The unemployment toll caused by COVID-19 layoffs continues to rise with another 2.1 million American filing new jobless benefit claims last week.
More than 40 million new claims for unemployment benefits have been filed in the past two months when the coronavirus started paralyzing the US economy.
It is the 10th straight week that new claims have been above 2 million, figures released by the Labor Department on Thursday show.
While claims have declined steadily since hitting a record 6.867 million in late March, they have not registered below 2 million since then.
The weekly jobless claims report, the most timely data on the economy’s health, is being watched to assess how quickly the economy rebounds after businesses shuttered in mid-March to control the spread of COVID-19 and almost ground the country to a halt.
The unemployment toll caused by COVID-19 layoffs continues to rise with another 2.1 million American filing new jobless benefit claims last week. It is the 10th straight week that new claims have been above 2 million, figures released by the Labor Department on Thursday show
More than 40 million new claims for unemployment benefits have been filed in the past two months when the coronavirus started paralyzing the US economy
The number of claims – stuck at an astonishingly high level even as non-essential businesses are starting to reopen – suggest it could take a while for the economy to dig out of the coronavirus-induced slump despite signs from the housing market and manufacturing that the downturn was close to bottoming.
Economists fear a second wave of private sector layoffs and job cuts by state and local governments whose budgets have been crushed contributed to last week’s unemployment claims.
‘I am concerned that we are seeing a second round of private sector layoffs that, coupled with a rising number of public sector cut backs is driving up the number of people unemployed,’ said Joel Naroff, chief economist at Naroff Economics in Holland, Pennsylvania.
‘If that is the case, given the pace of reopening, we could be in for an extended period of extraordinary high unemployment. And that means the recovery will be slower and will take a lot longer.’
The second wave of layoffs could grow bigger with Boeing announcing on Wednesday it was eliminating more than 12,000 US jobs and also disclosing it planned ‘several thousand remaining layoffs’ in the next few months.
California, Washington, New York and Florida saw the biggest increases in new claims, according to the latest Labor Department report.
In California, where claims increased by 31,764, layoffs were most prominent in the service industry.
Layoffs in insurance, educational services and public administration industries were most common in Washington state where claims rose by 29,288.
The majority of layoffs in New York, which saw its claims increase by 24,543, were felt in the transportation and warehousing, educational services, and information industries.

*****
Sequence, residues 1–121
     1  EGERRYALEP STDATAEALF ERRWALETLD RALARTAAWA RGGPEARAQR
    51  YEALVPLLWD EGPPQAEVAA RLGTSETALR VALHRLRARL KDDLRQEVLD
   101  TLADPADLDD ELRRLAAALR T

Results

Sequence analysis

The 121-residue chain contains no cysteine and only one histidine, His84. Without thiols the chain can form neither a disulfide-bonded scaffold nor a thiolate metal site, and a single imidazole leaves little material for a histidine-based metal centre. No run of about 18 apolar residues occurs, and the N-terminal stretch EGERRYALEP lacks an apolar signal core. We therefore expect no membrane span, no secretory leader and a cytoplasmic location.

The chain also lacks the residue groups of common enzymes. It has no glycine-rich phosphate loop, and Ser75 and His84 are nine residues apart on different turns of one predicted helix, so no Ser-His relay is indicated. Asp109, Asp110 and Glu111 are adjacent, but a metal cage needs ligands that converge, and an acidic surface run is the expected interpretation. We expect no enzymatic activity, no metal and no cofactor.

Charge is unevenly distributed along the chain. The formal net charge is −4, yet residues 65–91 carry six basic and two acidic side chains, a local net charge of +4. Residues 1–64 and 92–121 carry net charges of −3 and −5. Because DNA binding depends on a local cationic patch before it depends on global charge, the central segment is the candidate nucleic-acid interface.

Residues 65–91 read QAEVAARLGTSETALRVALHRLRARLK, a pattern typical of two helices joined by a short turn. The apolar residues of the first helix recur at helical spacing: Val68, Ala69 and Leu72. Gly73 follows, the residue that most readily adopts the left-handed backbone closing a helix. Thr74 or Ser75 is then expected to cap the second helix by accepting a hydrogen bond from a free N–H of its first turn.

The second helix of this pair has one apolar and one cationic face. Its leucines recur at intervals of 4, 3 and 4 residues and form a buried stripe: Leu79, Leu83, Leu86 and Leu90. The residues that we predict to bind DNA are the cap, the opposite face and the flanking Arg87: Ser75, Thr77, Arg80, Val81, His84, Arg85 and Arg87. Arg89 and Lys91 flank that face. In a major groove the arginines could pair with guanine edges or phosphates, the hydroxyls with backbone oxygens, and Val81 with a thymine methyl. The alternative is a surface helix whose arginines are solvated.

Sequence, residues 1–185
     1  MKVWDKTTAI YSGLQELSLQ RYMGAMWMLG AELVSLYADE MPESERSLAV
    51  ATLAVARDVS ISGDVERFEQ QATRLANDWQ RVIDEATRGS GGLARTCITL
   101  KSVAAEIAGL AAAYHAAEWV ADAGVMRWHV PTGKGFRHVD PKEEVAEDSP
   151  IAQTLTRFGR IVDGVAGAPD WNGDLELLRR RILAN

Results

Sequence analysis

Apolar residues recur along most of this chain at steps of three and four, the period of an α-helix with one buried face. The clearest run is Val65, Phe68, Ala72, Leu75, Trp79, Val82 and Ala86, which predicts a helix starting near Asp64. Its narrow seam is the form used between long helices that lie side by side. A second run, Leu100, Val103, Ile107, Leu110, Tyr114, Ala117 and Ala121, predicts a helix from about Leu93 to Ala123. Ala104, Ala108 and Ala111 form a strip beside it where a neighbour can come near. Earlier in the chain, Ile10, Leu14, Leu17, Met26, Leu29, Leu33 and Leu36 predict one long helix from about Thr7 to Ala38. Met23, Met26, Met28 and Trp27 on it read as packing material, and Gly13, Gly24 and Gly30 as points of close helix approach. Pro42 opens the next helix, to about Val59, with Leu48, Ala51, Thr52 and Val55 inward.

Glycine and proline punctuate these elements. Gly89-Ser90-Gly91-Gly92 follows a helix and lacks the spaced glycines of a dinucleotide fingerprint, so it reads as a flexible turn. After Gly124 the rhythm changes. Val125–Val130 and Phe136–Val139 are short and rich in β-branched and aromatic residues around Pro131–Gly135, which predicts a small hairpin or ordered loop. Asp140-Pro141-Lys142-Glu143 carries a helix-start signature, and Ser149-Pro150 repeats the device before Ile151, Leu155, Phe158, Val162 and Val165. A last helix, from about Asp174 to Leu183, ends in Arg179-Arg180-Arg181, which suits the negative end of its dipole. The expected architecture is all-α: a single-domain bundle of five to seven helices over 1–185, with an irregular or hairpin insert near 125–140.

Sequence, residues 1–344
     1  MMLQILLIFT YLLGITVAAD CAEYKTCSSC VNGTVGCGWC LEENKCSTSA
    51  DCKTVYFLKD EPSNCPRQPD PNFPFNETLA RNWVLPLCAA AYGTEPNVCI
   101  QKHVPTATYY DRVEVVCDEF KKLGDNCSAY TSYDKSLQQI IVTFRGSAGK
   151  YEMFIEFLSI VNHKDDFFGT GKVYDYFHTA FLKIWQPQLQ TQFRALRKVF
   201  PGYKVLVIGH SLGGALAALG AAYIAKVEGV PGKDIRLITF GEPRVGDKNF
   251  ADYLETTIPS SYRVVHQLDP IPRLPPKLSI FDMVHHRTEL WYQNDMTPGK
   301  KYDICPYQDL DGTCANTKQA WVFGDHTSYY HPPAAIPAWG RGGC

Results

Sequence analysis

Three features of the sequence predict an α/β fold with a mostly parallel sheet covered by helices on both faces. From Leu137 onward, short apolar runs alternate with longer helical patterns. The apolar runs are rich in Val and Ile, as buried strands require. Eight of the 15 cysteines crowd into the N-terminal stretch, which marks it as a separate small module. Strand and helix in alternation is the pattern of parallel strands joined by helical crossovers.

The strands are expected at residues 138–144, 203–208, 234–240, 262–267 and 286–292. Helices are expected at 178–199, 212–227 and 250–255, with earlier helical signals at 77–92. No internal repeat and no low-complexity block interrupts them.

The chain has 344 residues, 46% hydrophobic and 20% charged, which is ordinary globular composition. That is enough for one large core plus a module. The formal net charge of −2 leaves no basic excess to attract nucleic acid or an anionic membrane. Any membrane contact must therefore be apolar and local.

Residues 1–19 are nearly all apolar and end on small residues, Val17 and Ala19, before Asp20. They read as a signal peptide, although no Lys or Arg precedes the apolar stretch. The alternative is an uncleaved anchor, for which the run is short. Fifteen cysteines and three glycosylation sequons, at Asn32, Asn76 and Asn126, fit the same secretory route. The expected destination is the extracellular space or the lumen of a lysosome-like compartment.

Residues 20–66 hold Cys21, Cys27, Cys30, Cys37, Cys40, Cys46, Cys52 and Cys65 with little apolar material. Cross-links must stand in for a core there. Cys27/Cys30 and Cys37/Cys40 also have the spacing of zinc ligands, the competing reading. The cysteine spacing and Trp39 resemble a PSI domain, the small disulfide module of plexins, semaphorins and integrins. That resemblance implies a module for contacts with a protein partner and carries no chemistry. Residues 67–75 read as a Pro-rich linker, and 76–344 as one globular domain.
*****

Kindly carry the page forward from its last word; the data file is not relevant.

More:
Florida’s layoffs increased by 2,322 and impacted industries included agriculture, forestry, fishing, and hunting, construction, manufacturing, wholesale trade, retail trade and service industries.
The job cuts reflect an economy that was seized by the worst downturn since the Great Depression after the virus forced the widespread shutdown of businesses.
The economy is thought to be shrinking in the April-June quarter at an annual rate approaching 40 percent. That would be, by far, the worst quarterly contraction on record.
Economists cautioned the 40 million figure does not represent the number of jobs lost due to the pandemic, citing technical difficulties and procedures at state unemployment offices.
The focus, instead, should be on the number of people still receiving unemployment benefits. These so-called continuing claims could shed light on the effectiveness of the government’s Paycheck Protection Program.
The PPP, part of a historic fiscal package worth nearly $3 trillion, offered businesses loans that could be partially forgiven if they were used for employee salaries.
Continuing claims, which are reported with a one-week lag, likely increased to a record 25.750 million in the week ending May 16 from 25.073 million in the prior week, according to the Reuters survey. This data will cover the period during which the government surveyed households for May’s unemployment rate.
Based on the forecast, continuing claims increased roughly by 7.7 million between the April and May survey periods, suggesting a surge in the unemployment rate from last month’s post-World War Two record of 14.7 percent.
‘Now is a good time to think how many of those people who lost their jobs are going to get them back, my sense is 25 percent will not and that’s what gives us the double digit unemployment rate well into 2021,’ said Joe Brusuelas, chief economist at RSM in New York.
‘The bankruptcies of small and medium enterprises will result in a much higher rate of permanent layoffs.’